One of the reasons for including Thread Environment Classes in pC++ is to provide a mechanism to encapsulate code that is designed for execution in a message-passing SPMD environment. This includes many of the libraries that have been designed at the national laboratories such as Lapack++, AMR++, and many more.

To understand how this works, consider an example of a matrix class Matrix defined as follows

TEClass Matrix{ double **data; public: int rows, cols; Matrix(n,m,p); void matMul(Matrix &A, Matrix &B); double &operator ()(int,int); };

In an SPMD style execution, the matrix object would be created
on each processor participating in the computation and the
constructor, given global dimensions *m* by *n* would automatically
partition the data over the *p* processors.
The interesting part of these libraries is the way processor
communication is managed. In a typical application every processor
must participate in each matrix operation done in parallel. All
communication is hidden within the class operators and the resulting
``user code'' looks exactly like sequential code.
(The version 1.0 pC++ compiler for distributed memory machines works
exactly in this manner.) Take for example the way the library designer
would implement the operator matMul(). Let us assume
that the library is designed so that rows are partitioned over the processors.
That is, rows *(0, n/p -1)* are on processor *0*, rows *(n/p, 2n/p-1)* on
processors *1*, etc. The SPMD code for matMul() would look
something like the following. Each processor has part of three matrices,
*A*, *B* and *this. The code below first broadcasts a column
of *B* to each thread which then assembles the pieces of the column
and computes the appropriate dot product of that column with its share
of the rows of *A*.

This version of the program is not optimal (a blocked version should be used) but it is easy to understand and it is typical of the style of SPMD libraries.void Matrix::matMul(Matrix &A, Matrix &B){ int i,j,k,s, n, m, r, p, from; p = NumProc(); //NumProc() gives the number of processor threads k = A.rows; m = cols, n = rows/p; r = k/p; double *rowbuf = new double[k]; double *buffer = new double[r]; for(i = 0; i < m; i++){ // boadcast a column of B to each processor for(j = 0; j < p; j++){ for(s = 0; s < r; s++) buffer[s] = B.data[s][i]; pCxx_send(j, r, buffer); } // assemble column blocks into a B row for(j = 0; j < p; j++){ pCxx_receive(&from, buffer); for(s = 0; s < r; s++) rowbuf[from*r+s] = buffer[s]; } for(j = 0; j < n; j++) for(s = 0; s < k; s++) data[i][j] += A.data[i][s]*rowbuf[s]; } }

This function can now be called with a pC++ main program as follows

Processor_Main(){ Processors P; Matrix C(n,m), A(n,k), B(k, m); .... C.matMul(A, B); };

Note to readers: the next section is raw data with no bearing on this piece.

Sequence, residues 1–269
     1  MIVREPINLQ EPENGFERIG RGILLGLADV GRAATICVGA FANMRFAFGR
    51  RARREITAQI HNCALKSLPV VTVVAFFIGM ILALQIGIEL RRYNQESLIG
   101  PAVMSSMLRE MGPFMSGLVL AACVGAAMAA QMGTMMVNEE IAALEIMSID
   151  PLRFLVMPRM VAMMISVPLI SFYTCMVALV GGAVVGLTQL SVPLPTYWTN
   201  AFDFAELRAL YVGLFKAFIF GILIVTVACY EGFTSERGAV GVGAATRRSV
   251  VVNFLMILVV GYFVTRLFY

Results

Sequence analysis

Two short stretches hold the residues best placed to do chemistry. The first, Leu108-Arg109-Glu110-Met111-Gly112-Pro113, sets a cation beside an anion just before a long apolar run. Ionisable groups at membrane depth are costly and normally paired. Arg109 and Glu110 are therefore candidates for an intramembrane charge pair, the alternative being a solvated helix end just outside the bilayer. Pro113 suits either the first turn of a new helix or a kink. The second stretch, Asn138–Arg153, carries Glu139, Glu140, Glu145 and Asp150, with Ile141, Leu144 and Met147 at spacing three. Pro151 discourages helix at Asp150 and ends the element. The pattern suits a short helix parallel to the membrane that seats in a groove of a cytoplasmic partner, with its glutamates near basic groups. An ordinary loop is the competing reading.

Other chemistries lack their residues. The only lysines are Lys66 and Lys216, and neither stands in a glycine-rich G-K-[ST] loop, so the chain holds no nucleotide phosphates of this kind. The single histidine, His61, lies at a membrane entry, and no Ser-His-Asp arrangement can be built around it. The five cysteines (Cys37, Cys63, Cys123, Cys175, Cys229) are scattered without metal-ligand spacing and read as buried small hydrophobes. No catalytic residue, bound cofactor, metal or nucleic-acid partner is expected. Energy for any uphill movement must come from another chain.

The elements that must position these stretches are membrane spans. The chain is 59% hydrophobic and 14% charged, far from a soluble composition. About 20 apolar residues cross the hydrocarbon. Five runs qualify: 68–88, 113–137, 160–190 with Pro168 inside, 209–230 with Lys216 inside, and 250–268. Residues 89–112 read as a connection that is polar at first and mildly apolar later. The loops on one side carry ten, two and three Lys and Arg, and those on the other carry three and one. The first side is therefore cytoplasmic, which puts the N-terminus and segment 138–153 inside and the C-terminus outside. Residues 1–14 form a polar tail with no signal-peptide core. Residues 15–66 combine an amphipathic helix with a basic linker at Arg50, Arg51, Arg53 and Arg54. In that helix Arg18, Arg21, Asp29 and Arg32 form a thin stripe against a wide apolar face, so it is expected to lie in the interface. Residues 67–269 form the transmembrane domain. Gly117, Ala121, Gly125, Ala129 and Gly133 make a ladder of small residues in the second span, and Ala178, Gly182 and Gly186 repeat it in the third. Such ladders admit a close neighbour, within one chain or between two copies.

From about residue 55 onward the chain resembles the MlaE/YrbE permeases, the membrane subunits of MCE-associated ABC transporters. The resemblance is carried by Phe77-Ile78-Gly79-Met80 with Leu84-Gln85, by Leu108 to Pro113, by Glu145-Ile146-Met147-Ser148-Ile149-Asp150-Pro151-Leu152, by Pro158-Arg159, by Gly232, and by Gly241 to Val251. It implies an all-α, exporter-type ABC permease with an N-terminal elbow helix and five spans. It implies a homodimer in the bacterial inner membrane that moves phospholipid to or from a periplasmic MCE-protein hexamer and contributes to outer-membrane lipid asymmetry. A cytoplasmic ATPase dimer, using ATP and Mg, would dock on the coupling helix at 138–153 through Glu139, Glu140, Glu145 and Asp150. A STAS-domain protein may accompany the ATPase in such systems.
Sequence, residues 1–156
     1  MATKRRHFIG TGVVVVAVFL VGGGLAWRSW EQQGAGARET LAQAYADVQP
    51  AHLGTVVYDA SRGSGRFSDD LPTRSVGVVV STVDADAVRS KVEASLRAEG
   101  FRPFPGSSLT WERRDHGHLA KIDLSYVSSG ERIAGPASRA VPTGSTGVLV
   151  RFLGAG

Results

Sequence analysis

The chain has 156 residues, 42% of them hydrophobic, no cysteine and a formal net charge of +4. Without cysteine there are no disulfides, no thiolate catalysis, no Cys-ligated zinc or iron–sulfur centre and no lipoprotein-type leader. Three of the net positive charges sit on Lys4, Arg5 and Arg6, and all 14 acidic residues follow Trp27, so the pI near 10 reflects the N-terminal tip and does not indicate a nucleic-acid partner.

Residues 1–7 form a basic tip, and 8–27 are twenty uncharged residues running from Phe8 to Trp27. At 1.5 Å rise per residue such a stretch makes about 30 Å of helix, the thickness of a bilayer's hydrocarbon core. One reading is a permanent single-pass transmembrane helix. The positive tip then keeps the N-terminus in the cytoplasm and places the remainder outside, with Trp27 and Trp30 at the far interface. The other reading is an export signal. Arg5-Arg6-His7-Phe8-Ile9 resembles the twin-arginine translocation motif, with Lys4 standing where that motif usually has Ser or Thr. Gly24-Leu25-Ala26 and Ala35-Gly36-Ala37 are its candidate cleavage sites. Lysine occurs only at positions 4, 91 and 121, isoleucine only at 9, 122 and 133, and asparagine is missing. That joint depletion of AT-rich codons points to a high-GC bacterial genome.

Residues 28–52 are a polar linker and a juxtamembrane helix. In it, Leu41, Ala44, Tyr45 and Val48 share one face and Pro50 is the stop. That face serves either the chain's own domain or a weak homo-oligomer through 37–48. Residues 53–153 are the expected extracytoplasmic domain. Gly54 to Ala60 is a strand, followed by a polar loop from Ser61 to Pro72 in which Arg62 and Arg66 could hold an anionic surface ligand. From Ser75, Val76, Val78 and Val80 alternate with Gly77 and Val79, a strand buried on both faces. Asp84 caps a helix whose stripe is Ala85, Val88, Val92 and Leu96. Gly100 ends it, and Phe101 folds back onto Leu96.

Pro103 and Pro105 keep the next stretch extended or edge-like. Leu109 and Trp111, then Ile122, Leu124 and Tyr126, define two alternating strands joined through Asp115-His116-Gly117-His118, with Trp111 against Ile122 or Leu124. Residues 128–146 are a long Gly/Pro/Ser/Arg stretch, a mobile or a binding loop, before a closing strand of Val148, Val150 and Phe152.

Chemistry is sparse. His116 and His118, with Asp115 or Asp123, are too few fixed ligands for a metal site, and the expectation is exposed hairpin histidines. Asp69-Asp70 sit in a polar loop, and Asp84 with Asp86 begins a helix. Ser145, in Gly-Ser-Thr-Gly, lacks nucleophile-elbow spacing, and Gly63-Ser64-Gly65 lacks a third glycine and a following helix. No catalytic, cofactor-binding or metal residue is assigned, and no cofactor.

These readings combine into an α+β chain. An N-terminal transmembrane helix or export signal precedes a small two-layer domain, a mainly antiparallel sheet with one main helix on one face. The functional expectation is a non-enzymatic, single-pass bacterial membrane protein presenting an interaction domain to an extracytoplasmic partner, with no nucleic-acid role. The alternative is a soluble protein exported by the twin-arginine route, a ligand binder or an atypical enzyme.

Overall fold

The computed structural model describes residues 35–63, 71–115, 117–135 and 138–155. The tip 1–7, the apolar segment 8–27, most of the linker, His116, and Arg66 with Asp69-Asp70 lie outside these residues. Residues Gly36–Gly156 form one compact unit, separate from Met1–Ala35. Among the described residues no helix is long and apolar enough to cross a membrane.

A more interesting problem is that of the element reference operator. The job of the ( int, int ) operator is to make sure that any read or update from the main thread is propagated to the correct position in this distributed array. For example, if the main thread invokes

then the thread that contains the element must return the correct value to the main thread. On the other hand, if we callx = M(i,j);

then it is the job of the (...) operator to make sure the on the correct processor is updated. This problem is complicated because we are not sure which thread may be invoking this operator. If it is a thread for which the requested data reference lies in the same address space, there is no problem. However, if they are different, such as when the main thread invokes this operation on each worker, we have a problem. To see this difficulty consider the following possible implementation.M(i,j) = x;

If each of the worker threads associated with the TEClass executes this operation, then the reference evaluation will be correct when called by the main thread only if the main thread shares its address space with one of the worker threads. (This is the case in the current ver. 1.0 pC++), However, in the future versions, this may not hold. There are two solutions to this problem. One solution is to introduce the CC++ global data type qualifier, so that special pointers and references can be created that can be passed between address spaces. We are strongly considering this for ver. 2.0. The other solution is to introduce more explicit member functions for read and write operations.double dummy_buffer; double &Matrix:: operator( int i, int j){ double *z; int not_local = 1; int p = NumProc(); if (MyProc()*(rows/p) <= i) && (i < MyProc()*(rows/p)){ // I have the desired row! z = &(data[ i % p][j]); not_local = 0; } else z = &dummy_buffer; pCxx_BroadcastBytes(non_local, sizeof(double), z); return *z; }

This solution protects the (...) operator to be only used in the TEClass thread environments and it allows only data values (instead of references or pointers) to be passed between address spaces.TEClass Matrix{ double **data; double &operator ()(int,int); public: int rows, cols; Matrix(n,m,p); void matMul(Matrix &A, Matrix &B); double read(int i, int j){ return (*this)(i,j); } void write(int i, int j, double value){ (*this)(i,j) = value; } };

Mon Nov 21 09:49:54 EST 1994